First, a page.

Accordingly, only four interaction effects, namely region and type of place of residence, wealth index and type of place of residence, age and gender of the head of household, and age of head of the household and the number of household members. Consequently, the final model included all the main effects and the four two-way interaction effects.
Table 1

Covariance parameter estimates

Cov. parameter

Estimate

Standard error

Z value

P-value

Clusters

0.8853

0.1142

7.76

< 0.0001

Residual

0.9022

0.0183

49.42

< 0.0001

All the model fits and estimates were obtained using the SAS GLIMMIX procedure [43]. The model fit was assessed using the ratio of the generalized chi-square statistics and it’s degree of freedom, which yielded 0.90. This result indicated a good model fit with no residual over-dispersion. The random effect cluster, which accounted for the complexity of the sampling design is significant as shown in Table 1. The result shows that there is heterogeneity between clusters. The cluster variability accounts about 50% the total variability of under-five child RDT outcome.
Table 2

Type III tests for fixed effects

Effects

Num DF

Den DF

F value

P-value

Region

5

314

6.70

< 0.0001

Mother’s education

3

494

4.97

0.0021

Child’s age

4

1151

53.14

< 0.0001

Child’s anaemia status

1

305

185.47

< 0.0001

Age of household head

1

4868

4.59

0.0322

Toilet facility

2

285

12.40

< 0.0001

Number of household members

1

4868

8.04

0.0046

Cluster altitude in metres

1

71

0.63

< 0.0001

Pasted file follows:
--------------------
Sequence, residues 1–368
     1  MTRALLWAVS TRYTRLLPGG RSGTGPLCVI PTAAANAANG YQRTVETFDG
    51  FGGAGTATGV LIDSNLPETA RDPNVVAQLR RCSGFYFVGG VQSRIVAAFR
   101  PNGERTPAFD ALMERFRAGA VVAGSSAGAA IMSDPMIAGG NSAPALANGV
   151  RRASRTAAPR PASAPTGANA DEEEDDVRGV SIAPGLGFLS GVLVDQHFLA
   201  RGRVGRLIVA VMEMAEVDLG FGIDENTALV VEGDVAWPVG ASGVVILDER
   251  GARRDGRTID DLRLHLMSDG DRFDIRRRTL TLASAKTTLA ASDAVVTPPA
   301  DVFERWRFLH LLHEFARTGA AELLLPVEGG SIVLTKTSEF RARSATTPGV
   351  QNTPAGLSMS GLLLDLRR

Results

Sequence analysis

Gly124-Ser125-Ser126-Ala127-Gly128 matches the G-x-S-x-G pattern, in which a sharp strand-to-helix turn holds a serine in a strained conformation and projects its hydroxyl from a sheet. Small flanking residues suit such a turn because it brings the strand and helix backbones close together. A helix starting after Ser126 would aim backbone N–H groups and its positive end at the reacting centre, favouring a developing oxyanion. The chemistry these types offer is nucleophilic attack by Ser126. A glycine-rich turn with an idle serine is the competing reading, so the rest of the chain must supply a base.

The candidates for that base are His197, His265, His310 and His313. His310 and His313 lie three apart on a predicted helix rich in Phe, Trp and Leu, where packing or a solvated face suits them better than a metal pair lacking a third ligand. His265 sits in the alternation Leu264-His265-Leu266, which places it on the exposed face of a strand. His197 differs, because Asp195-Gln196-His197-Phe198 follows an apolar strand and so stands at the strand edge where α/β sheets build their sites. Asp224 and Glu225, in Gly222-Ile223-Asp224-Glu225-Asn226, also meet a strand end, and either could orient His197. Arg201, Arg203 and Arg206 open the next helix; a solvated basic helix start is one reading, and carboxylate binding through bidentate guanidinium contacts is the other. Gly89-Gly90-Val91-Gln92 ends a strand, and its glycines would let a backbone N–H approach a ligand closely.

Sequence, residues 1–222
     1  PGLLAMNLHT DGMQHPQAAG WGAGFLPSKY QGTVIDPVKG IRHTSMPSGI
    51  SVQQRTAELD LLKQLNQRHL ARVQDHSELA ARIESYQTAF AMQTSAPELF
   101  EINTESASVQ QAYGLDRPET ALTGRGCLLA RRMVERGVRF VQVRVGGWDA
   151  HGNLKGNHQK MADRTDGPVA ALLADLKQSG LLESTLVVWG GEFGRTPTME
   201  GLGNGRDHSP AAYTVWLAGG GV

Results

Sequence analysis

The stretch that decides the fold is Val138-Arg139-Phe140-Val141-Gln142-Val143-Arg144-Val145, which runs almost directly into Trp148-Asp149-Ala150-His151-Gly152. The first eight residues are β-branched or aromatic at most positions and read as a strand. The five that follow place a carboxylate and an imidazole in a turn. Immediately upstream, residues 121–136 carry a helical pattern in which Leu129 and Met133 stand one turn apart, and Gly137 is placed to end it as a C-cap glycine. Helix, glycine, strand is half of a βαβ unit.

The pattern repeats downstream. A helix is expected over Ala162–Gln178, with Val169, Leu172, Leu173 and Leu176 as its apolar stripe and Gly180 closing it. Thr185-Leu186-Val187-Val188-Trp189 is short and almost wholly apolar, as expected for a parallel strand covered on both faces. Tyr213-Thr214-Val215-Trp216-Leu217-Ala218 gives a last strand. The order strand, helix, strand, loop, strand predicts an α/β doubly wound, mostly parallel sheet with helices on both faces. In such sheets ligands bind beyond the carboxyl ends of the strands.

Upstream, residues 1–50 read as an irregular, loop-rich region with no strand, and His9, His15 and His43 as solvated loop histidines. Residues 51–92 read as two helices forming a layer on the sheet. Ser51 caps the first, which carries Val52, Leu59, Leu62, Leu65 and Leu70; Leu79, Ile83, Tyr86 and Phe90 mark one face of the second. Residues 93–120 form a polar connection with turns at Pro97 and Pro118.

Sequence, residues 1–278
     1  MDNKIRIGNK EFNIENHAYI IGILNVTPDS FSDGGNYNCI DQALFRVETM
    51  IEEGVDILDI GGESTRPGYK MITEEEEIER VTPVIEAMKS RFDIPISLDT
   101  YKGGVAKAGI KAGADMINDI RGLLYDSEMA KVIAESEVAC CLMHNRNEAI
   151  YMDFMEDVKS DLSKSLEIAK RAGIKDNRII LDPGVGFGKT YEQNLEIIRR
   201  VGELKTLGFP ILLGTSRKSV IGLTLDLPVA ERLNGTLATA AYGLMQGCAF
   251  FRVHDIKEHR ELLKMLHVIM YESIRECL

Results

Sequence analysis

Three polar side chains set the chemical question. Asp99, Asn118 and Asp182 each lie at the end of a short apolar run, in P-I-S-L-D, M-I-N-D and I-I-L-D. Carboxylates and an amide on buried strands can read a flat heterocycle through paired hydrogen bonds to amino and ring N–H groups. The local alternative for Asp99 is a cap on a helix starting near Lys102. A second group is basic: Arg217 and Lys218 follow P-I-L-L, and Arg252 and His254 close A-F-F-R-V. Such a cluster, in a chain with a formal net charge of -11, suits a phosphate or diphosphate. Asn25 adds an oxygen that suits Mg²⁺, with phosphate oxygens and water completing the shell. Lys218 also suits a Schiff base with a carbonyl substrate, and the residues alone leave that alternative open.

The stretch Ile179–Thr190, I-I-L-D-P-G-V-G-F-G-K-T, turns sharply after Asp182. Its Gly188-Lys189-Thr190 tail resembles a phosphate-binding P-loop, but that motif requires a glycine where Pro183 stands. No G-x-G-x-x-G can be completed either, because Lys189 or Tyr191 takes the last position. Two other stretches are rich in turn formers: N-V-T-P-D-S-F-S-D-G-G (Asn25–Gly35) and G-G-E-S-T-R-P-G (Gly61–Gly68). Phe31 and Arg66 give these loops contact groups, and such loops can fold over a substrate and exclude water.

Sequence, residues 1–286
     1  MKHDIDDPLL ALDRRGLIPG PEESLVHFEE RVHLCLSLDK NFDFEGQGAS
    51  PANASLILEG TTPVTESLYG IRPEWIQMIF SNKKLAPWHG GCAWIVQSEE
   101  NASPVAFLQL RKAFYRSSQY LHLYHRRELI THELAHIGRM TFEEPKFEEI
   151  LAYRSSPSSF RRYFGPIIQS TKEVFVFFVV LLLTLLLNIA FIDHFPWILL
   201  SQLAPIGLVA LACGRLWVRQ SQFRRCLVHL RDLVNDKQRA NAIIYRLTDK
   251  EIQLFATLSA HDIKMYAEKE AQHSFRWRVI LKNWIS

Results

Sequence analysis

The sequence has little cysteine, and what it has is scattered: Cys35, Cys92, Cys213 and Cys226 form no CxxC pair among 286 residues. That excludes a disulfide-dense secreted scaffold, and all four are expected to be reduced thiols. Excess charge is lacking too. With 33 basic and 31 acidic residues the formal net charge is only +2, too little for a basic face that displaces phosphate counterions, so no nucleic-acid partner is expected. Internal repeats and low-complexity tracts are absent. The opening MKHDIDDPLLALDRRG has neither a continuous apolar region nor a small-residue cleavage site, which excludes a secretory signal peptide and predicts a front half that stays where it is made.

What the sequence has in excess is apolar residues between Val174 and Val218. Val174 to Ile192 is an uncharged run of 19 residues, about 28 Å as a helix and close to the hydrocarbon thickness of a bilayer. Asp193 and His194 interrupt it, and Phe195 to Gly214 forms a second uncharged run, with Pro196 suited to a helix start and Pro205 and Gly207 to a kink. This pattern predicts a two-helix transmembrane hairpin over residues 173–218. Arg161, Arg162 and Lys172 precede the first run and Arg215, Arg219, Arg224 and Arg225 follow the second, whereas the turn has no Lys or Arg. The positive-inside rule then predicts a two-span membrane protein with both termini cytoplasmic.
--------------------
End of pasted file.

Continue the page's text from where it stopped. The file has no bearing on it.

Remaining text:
Availability of electricity

1

61

0.79

0.0457

Sex of a child

1

320

1.26

0.2627

Prior child’s fever status

1

4868

89.96

< 0.0001

Distance from water source

3

354

0.19

0.9000

Mosquito indoor spray

1

30

0.12

0.7292

Number of mosquito nets used

1

4868

0.28

0.5967

Child slept under bed net

1

285

0.18

0.6683

Number of rooms

1

4868

0.22

0.6423

Household’s main floor

2

331

1.84

0.1610

Households’s main wall

2

228

1.44

0.2395

Household’s main roof

2

230

6.40

0.0012

Households’s wealth index

4

466

1.74

0.1430

Availability of television

1

190

0.05

0.8302

Gender of head of household

1

148

0.67

0.4132

Place of residence

1

314

13.55

0.0003

Source of drinking water

2

255

1.87

0.1555

Number of household members * age of head of household

1

4868

5.09

0.0241

Gender * age of head of household

1

4868

2.76

0.0967

Wealth index * type of residence

4

466

2.49

0.0424

Region * type of place of residence

5

314

1.95

0.0862

The type III tests for the fixed effects in Table 2 shows that region, mother’s level of education, child’s anaemia level, age of the child, age of head of household, toilet facility, number of household members, cluster altitude in meters, availability of electricity, type of place of residence (urban or rural) and child’s fever report two weeks prior to survey and the interactions between number of household members and age of head of household, gender and age of head of household, region and type of place of residence significantly associated child’s malaria RDT outcome.
Table 3

Parameter estimates of odds ratio for the main effects

Effect

Estimates

Standard error

Odd ratio

95% CI

P-value

Lower

Upper

Intercept

− 4.8896

0.5943

0.0075

0.0023

0.0241

< 0.0001

Region (Ref. North West)

 South East

0.1086

0.3779

1.1147

0.5315

2.3380

0.7741

 South South

− 0.5394

0.4571

0.5831

0.2380

1.4283

0.2389

 South West

0.3979

0.3578

1.4887

0.7383

3.0017

0.2670

 North Central

− 0.3953

0.4453

0.6735

0.2814

1.6120

0.3753

 North East

− 1.1844

0.4844

0.3059